Adding to this point of not being violent, 19 year-old Tahmid Ahmed Shakir, an A Level graduate, shares: “Please don't scold the children for anything at all. Talk to them. Be soft. When you're being harsh on them, you break their confidence into a million pieces.”

Fourteen year-old Mukarrabin Chisty, student of Monipur Uchcha Vidyalaya and College, says, “I expect my parents to support my aim in life. They should encourage and empower me instead of imposing their own unfulfilled dreams on me.” Mukarrabin's point about acceptance is further discussed by Mustashfi Mustakim, 18, student of Notre Dame College. He says, “Instead of constantly telling the kids 'Lok e ki bolbe?' ('What will people say?'), I'd tell my kids to learn to live their lives on their own terms and have some self-respect.”

Suhala Noshin Auntara, 15, ninth grader at Udayan Higher Secondary School, had a quite wholesome opinion: “Let your kids fall in love with life. Laugh with them. Let them share their stories and experiences with you and share yours with them. Support their dreams and passion, let them live their own lives. Concentrate on what they're saying, not on what the society is saying. Give them freedom and protect them. Try to be honest with them -- it encourages them to be honest with you. Teach them to love and not to judge.”

Another student of Birshreshtha Noor Mohammad Public College, Nuzhat Hayat Khan, 15, had some great points to add: “Trust your children. Make sure they're receiving proper education rather than stressing over positions. Ask them what's wrong if you feel like something is.”

Amazingly mature for her age, Saiyara Islam, 13, student of Maple Leaf International School, comments, “Parents need to be more open towards children's views and not demean their opinions just because they aren't adults yet. They need to handle the children's mistakes with care, that is, actually teach them why it was a mistake instead of repeatedly making them feel guilty. Parents should encourage them during failures and really prepare them mentally for challenges. At present, most Bangladeshi parents including mine believe that they can always decide what is right and wrong for us. Thus, even at the age of 20/25, they don't trust us with handling situations. In short, we aren't prepared for real life challenges because our parents have always decided for us.”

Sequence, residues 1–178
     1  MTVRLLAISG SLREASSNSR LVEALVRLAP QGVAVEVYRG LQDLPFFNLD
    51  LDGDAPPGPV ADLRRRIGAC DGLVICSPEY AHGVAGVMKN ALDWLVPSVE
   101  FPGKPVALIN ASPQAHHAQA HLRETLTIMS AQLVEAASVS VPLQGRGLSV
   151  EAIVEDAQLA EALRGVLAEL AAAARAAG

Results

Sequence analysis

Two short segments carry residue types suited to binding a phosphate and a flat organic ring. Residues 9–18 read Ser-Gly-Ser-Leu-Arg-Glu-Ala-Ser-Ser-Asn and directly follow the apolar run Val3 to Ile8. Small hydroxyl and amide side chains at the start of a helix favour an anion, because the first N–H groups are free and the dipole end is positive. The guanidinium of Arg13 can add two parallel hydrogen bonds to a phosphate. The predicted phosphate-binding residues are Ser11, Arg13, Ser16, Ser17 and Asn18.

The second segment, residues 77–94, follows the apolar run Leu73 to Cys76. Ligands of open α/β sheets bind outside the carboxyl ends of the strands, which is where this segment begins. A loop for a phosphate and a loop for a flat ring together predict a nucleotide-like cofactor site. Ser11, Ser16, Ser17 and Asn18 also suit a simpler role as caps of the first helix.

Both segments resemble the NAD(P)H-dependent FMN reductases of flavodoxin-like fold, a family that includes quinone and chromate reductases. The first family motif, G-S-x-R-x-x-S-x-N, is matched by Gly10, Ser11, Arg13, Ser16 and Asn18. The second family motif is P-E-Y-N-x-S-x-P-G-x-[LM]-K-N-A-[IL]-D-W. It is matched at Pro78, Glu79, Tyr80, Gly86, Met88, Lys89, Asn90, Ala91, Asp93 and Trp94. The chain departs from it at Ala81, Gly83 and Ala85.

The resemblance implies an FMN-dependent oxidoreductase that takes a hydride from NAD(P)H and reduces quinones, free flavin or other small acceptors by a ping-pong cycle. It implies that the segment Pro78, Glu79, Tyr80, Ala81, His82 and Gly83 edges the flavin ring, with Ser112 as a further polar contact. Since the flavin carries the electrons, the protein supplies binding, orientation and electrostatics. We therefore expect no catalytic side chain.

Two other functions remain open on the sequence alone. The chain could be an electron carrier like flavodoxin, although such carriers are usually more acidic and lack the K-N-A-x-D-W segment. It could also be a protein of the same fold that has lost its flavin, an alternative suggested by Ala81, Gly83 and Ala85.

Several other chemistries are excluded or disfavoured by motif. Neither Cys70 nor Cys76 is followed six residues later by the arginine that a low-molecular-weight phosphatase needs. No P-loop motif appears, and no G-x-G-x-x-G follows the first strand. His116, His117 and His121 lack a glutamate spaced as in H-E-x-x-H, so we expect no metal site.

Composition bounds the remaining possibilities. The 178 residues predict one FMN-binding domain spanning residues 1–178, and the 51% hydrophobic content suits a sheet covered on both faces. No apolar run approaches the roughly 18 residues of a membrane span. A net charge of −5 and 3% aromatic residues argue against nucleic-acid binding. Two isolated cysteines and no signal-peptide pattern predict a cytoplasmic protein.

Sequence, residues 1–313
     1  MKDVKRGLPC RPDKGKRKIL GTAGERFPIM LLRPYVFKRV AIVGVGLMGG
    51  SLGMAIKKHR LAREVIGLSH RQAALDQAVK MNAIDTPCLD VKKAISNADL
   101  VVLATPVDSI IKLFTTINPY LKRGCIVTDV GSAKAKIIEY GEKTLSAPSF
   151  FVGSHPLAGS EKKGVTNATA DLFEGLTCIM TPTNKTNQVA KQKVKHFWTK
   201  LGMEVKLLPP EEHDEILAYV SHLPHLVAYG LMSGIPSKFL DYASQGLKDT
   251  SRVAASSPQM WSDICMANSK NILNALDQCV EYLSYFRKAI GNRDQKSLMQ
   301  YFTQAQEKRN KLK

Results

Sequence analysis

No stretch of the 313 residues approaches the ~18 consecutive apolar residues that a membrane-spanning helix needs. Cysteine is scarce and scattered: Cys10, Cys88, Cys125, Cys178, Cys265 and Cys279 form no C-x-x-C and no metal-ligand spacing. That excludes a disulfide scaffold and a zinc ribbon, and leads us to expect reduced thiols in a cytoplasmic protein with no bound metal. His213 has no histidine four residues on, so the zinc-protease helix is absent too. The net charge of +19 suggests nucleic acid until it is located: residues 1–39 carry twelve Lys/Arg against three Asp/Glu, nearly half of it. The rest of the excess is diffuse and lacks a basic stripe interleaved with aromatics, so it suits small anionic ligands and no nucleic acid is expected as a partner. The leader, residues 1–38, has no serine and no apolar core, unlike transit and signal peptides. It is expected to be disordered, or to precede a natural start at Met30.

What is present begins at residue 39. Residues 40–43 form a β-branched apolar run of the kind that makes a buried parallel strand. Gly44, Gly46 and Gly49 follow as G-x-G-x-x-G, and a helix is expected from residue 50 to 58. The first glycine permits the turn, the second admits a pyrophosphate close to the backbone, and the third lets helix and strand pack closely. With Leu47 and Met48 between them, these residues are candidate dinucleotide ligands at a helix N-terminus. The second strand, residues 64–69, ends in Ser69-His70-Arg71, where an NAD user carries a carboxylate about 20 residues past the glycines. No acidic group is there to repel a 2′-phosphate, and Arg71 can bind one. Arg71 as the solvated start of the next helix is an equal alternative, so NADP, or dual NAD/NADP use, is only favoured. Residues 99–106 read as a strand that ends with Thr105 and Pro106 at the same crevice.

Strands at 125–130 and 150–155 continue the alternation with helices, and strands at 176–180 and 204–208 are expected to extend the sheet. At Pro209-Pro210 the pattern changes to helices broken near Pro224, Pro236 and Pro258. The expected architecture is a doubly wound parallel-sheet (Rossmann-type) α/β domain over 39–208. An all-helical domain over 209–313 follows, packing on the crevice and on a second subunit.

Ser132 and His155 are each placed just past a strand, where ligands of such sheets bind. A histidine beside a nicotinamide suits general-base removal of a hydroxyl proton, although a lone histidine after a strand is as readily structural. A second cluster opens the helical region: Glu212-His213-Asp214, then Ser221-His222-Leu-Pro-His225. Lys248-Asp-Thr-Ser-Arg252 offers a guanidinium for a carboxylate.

When asked about this topic, 17 year-old Ibnat Raisa of Viqarunnisa Noon School and College had five different points to talk about. The gist of it was, “Don't give the kids mobile phones before the age of 14; explain things before punishing them; don't scold them, especially in public; teach them how to react to different situations; and lastly, teach them how to manage their time and money.”

While all of the above people had well thought out opinions and advice, one A Level graduate who wishes to remain anonymous, says, “Mair er upore oshudh nai.” (“There is no better medicine than a beating.”) But is physical abuse of children of any sort acceptable? That different yet very important matter requiring further discussion. However, if you're wondering if I think it is acceptable, type the anonymously shared Bangla sentence into Google Translate and you'll get an answer.

Mayabee Arannya is a confused soul still searching for a purpose. Give her advice on life at